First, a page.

• Alter your tooth brushing routine and switch to a soft toothbrush which can help prevent sensitivity and reduce the chances that you will damage the enamel.
  • Limit acidic foods and drinks and use a straw to drink soft drinks and fruit juices. If these foods and beverages are allowed to stay on the teeth they can cause severe problems.
    If you want to limit your consumption of foods and drinks with a high acid content, watch out for:
    Soft drinks
    Energy drinks
    Citrus fruits and juices
    Tomato products
    Pickled products
    Sour candies
    You don’t have to give up all acidic foods. If you drink an orange juice, use a straw to limit the acid’s contact with your teeth. Eat acidic foods as part of a meal. This will help stimulate saliva production that can neutralize the acid. Rinse your mouth with water after having anything acidic, but don’t brush your teeth right away.

    Remember, the healthiest sounding drinks can have a high acid content. If you sip a certain drink all day long, check its acid content. For example, a highly carbonated, sugar free sparkling lemon water can have a high acid content from the carbonation.

  • Get treatment for your acid reflux which can wear down enamel.
  • Switch to a mouthwash that does not contain alcohol.

You should still talk to your dentist, even if you find relief. He or she may suggest a professional fluoride treatment to help rebuild your tooth enamel. Dentists can also suggest products you can use with the American Dental Association’s Seal of Acceptance. These are safe to use and also effective.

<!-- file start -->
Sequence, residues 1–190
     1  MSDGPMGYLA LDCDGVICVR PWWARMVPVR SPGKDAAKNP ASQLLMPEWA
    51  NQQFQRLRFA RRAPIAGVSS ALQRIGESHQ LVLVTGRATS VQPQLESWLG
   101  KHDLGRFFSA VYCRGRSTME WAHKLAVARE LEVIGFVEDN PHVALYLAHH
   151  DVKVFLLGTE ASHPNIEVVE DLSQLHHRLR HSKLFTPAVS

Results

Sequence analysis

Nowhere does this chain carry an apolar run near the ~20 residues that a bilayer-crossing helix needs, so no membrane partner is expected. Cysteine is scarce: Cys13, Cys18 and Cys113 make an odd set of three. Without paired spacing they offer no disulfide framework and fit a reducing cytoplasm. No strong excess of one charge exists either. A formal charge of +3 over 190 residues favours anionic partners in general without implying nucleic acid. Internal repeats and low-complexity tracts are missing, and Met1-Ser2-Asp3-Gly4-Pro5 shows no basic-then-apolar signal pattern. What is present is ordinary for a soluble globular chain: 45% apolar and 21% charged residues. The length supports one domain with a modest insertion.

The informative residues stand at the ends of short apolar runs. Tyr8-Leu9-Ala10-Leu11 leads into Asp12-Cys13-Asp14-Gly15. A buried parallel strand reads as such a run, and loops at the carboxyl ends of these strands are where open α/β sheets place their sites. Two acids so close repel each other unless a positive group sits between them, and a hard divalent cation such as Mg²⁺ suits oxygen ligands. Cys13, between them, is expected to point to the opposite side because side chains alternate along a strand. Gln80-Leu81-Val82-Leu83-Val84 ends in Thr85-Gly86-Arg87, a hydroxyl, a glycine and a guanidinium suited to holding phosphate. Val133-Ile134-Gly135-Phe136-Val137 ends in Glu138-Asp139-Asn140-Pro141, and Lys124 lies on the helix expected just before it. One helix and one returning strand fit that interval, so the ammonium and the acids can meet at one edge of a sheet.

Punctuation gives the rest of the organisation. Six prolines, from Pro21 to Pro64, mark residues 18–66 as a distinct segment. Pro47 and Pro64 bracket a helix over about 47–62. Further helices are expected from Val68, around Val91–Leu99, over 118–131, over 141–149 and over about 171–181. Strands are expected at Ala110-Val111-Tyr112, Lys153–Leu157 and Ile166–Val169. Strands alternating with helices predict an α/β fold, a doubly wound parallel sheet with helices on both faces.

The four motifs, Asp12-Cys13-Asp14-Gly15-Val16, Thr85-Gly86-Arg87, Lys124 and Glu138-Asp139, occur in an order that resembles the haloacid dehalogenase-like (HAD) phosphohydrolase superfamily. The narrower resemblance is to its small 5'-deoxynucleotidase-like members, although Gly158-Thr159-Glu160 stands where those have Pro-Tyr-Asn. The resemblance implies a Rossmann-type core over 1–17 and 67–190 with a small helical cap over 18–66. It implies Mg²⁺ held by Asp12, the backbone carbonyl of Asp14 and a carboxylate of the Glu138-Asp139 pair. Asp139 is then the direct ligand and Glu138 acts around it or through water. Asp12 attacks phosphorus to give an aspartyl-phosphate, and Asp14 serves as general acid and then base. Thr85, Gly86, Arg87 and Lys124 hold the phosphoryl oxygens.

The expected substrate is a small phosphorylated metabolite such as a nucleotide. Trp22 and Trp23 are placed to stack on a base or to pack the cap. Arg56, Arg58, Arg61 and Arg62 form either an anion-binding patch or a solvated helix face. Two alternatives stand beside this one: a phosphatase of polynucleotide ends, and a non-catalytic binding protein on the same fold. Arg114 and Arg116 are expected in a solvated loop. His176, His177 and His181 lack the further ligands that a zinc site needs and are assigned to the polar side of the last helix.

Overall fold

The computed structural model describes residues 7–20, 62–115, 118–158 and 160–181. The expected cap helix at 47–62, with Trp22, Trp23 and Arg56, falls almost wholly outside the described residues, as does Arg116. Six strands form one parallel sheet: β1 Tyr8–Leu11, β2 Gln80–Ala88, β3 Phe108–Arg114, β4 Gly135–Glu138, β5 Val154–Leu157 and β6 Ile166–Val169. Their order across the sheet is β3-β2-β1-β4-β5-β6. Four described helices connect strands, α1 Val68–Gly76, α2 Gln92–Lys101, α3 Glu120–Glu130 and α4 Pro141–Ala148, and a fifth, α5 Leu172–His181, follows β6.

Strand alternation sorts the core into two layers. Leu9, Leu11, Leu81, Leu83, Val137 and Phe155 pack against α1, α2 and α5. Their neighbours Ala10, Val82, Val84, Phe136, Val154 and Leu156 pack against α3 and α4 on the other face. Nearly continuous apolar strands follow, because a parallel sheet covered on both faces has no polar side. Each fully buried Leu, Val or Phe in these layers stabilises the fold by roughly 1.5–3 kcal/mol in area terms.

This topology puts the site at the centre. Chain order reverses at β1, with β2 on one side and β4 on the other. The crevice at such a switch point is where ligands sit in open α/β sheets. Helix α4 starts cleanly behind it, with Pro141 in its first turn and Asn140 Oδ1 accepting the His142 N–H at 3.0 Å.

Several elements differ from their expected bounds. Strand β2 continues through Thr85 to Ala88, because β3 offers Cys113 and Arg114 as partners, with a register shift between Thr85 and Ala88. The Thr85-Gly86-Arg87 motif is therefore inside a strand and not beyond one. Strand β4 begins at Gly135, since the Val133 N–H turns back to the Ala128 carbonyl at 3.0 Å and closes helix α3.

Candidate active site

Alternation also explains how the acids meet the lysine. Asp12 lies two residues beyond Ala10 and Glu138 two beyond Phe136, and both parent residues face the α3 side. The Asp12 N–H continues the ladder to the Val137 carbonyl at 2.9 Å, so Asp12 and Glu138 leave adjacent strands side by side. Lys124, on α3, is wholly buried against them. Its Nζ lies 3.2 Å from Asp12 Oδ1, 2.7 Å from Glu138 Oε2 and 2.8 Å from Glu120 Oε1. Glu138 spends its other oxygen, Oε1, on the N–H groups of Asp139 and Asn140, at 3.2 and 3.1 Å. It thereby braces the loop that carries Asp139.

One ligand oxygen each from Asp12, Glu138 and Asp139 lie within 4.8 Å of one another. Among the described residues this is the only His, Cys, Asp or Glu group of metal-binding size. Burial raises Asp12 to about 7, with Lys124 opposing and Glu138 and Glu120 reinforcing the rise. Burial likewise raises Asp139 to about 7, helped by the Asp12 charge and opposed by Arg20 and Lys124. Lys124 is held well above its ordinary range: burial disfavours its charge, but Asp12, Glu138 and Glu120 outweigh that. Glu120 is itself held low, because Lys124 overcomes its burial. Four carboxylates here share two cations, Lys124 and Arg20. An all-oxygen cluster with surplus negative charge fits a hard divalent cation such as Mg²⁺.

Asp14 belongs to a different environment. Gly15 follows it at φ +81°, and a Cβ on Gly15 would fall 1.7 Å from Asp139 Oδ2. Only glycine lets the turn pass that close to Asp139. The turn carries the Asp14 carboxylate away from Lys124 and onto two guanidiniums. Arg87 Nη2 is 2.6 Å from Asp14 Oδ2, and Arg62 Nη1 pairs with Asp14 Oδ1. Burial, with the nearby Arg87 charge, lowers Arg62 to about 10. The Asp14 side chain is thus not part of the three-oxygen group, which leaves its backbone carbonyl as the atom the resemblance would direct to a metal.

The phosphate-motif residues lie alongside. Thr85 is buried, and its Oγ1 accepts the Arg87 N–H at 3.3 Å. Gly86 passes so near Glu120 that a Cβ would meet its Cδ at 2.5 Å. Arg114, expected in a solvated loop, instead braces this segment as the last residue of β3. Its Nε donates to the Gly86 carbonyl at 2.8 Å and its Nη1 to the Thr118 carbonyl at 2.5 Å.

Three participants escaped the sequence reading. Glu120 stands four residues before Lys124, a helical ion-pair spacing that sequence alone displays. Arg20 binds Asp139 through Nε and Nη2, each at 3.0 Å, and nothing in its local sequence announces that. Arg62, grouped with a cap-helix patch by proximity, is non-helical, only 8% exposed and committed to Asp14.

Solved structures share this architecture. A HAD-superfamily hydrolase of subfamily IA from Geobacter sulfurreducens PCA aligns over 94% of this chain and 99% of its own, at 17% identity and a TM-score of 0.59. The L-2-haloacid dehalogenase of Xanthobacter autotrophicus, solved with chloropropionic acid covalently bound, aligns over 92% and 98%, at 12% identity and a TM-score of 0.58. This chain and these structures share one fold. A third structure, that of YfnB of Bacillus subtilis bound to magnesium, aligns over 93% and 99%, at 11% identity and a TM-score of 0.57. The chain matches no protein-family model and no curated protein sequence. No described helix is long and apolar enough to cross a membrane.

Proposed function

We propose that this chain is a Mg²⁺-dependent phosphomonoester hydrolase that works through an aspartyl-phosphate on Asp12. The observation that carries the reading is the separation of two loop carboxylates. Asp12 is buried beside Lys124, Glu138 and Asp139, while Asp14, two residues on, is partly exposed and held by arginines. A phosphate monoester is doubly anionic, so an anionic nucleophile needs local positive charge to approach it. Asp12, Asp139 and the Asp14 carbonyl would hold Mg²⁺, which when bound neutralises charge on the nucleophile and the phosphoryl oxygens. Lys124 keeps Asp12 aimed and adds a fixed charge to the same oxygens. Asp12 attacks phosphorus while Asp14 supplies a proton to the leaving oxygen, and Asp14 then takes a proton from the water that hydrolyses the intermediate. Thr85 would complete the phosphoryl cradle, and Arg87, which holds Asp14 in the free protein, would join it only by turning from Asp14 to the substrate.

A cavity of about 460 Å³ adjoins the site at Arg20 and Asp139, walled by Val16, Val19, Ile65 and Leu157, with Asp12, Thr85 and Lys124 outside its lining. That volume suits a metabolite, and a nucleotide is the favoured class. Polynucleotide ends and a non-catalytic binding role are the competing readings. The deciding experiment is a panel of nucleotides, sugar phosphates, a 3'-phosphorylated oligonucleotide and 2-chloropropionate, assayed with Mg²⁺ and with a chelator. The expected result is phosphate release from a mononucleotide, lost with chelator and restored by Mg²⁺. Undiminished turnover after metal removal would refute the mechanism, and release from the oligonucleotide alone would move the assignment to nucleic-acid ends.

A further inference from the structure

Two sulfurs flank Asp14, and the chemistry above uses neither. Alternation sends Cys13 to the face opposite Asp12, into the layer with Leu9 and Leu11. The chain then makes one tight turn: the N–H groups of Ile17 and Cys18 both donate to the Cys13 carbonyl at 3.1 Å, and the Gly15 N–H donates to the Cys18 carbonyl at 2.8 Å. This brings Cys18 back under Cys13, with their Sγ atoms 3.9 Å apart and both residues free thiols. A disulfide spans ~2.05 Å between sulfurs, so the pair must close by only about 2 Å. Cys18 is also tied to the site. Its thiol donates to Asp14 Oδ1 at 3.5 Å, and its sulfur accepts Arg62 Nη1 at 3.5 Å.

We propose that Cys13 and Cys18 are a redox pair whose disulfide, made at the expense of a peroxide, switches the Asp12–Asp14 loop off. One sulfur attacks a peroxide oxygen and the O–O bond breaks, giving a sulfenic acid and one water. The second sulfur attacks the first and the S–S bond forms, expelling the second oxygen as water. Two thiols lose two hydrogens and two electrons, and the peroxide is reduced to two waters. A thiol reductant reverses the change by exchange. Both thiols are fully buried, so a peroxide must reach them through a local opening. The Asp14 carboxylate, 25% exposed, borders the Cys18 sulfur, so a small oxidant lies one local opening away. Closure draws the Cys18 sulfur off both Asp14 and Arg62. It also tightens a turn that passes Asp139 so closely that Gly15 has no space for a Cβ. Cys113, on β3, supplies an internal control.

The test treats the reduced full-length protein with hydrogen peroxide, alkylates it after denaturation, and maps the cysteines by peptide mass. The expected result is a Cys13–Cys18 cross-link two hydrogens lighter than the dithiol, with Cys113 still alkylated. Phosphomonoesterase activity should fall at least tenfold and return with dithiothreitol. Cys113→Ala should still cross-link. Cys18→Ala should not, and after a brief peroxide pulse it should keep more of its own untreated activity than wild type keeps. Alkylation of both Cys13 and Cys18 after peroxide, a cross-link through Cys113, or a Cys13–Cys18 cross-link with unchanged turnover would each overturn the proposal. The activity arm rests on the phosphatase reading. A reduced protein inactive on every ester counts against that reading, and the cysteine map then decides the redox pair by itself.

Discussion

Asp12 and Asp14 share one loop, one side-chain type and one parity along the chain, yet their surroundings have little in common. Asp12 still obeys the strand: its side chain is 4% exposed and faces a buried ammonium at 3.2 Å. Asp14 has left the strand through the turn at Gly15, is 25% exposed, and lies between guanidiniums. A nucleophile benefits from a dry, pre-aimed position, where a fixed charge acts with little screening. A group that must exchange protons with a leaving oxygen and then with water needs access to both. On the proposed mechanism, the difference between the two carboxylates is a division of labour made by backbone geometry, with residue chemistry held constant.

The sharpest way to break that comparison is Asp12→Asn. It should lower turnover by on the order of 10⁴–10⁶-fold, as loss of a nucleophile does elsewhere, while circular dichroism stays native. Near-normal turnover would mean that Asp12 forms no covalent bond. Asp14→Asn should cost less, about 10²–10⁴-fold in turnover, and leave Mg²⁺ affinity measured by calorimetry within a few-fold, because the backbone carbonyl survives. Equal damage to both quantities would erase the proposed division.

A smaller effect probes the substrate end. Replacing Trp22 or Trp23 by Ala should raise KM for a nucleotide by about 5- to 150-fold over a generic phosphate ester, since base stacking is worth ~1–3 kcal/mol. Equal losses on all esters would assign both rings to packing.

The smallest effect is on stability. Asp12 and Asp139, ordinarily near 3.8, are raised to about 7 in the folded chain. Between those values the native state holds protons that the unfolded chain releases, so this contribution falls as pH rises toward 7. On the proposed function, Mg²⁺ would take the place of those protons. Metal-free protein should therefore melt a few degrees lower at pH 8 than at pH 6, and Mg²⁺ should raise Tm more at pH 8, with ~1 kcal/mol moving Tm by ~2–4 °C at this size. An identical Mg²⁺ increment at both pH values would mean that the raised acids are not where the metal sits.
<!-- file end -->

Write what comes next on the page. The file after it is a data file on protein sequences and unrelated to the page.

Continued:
What Are In-Office Treatments for Sensitive Teeth?

In-office treatments for teeth sensitivity typically start with a thorough dental exam, including x-rays. If you have one tooth that is very sensitive, the dentist will look for a cavity, a crack or chip that could cause your pain. Once he or she fixes the issue so the dentin isn’t exposed anymore, your tooth sensitivity will stop. You may have lingering sensitivity for a day or two, which is common after a dental procedure.

If your teeth are sensitive because you are grinding them in your sleep, a dentist can help. He or she will make a custom night guard for you. It will protect your tooth enamel from further wear.

For patients with severe gum recession from gum disease, a dentist will treat the infection first. Next, he or she may recommend a gum graft to cover the roots so they are not exposed to hot and cold temperatures.

Dentists offer fluoride treatments that are especially helpful for patients with naturally thin enamel or worn down enamel. It’s usually a varnish that is painted on and left on for a few minutes. The highly concentrated fluoride can rebuild the enamel.

Sensitive teeth are preventable, but if you have them, they are treatable. Don’t let sensitive teeth keep you from enjoying that hot cup of tea or steaming bowl of soup. See your dentist treatment options that address the cause of your sensitivity and tips to prevent it from returning.